Pumping up alternatives
Project: Alternative fuel expansion
Jurisdiction: Colorado Springs, Colo.
Agency: Fleet Management
Vendors: Dearborn, Mich.-based Ford; locally based Acorn Petroleum
Date: September 2007
Cost: $50 million
The alternative fuel program in Colorado Springs, Colo., expanded this year when the Fleet Management Division installed an ethanol fuel (E85) pump at its central fleet maintenance facility. The fueling station will serve 100 flex-fuel vehicles owned by the city and Colorado Springs Utilities, and it will dispense an estimated 10,000 gallons of E85 fuel in its first year.
Colorado Springs has been aggressively expanding its alternative fuel use since December 2003, when it began using biodiesel in vehicles with diesel engines. To date, the city has dispensed 1.4 million gallons of the fuel. “We have such a large biodiesel program because we are able to use [it] in all the vehicles that use regular diesel,” says Nick Kittle, fleet finance manager. “It doesn’t require any retrofitting on our part.”
At the same time, the city has been replacing older vehicles with electric, hybrid or flex-fuel (unleaded or E85) versions. Now, more than half of the city’s and utility department’s fleets, which use a combined 2.4 million gallons of fuel annually, operates on alternative energy. As a result, the city estimates it has reduced its carbon dioxide emissions by 4 million pounds and its particulate matter emissions by 1,600 pounds since 2003.
When the city began acquiring flex-fuel vehicles from Dearborn, Mich.-based Ford, only one local fuel distributor, locally based Acorn Petroleum, carried ethanol, so the city contracted with the company to supply the alternative fuel at a specific price and issued fuel cards to drivers to purchase E85 when they needed to fill up. But, the stations were not always conveniently located for drivers, and fleet managers could not ensure drivers used the alternative fuel. The city applied for a grant from the Governor’s Biofuel Coalition to install an ethanol tank at its central fleet maintenance facility. The $15,000 grant covered about 30 percent of the cost of the pump installation, and the rest was split by the city and Colorado Springs Utilities.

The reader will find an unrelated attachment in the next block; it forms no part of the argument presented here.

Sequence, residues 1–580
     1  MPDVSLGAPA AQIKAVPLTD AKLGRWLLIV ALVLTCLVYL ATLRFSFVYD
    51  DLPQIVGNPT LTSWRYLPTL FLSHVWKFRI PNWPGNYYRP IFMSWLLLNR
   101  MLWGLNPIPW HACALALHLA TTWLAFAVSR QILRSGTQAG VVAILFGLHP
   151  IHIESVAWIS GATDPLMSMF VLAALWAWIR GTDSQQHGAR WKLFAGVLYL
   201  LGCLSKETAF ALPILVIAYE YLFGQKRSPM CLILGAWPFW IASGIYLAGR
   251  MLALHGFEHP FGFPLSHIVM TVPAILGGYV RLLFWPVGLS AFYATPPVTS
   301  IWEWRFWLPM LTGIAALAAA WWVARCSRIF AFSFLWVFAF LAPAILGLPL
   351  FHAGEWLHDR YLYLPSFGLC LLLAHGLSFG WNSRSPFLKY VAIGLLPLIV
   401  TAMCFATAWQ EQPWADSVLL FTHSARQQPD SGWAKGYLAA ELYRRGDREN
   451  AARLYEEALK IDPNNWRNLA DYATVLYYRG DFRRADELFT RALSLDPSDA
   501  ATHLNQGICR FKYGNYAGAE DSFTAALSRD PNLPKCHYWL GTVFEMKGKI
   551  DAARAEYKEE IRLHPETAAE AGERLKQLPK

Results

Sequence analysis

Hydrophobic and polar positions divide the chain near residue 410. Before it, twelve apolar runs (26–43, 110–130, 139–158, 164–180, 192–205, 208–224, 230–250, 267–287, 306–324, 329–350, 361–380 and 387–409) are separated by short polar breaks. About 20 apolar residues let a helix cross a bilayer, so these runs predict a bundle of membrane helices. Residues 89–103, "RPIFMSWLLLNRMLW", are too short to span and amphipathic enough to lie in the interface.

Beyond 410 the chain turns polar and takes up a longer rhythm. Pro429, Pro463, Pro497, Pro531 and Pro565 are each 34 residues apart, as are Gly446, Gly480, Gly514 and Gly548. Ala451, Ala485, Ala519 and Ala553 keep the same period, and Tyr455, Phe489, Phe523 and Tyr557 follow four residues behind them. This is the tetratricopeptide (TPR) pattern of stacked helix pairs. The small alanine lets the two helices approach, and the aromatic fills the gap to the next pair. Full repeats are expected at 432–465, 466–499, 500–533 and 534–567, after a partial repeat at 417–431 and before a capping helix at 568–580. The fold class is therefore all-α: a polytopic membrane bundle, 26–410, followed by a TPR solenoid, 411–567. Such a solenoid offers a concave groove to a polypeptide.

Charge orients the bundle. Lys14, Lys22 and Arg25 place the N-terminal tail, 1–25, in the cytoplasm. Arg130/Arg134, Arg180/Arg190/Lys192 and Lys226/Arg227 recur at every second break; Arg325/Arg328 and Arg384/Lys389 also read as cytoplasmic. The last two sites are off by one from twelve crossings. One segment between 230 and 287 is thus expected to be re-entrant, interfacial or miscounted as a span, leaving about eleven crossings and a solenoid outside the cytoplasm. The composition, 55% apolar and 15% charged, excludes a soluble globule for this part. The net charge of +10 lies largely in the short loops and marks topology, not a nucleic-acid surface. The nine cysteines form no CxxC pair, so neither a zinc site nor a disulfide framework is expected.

Since the ethanol pump was installed in September, the city has dispensed approximately 6,200 gallons of E85. A fuel/fleet management system on fuel dispensers and vehicles restricts drivers from using improper fuel. It also collects data from vehicles’ computers, such as fuel mileage, to measure performance and schedule preventive maintenance.
To expand alternative fuel use, city officials are encouraging major vehicle manufacturers to develop more alternative fuel vehicles. “The direction we’ve had for the last three to five years is alternative fuels and fuel conservation, and anything we can buy that’s an alternative fuel, that’s the direction that we need to go,” says Christina Hartzler, fleet acquisitions and disposals manager.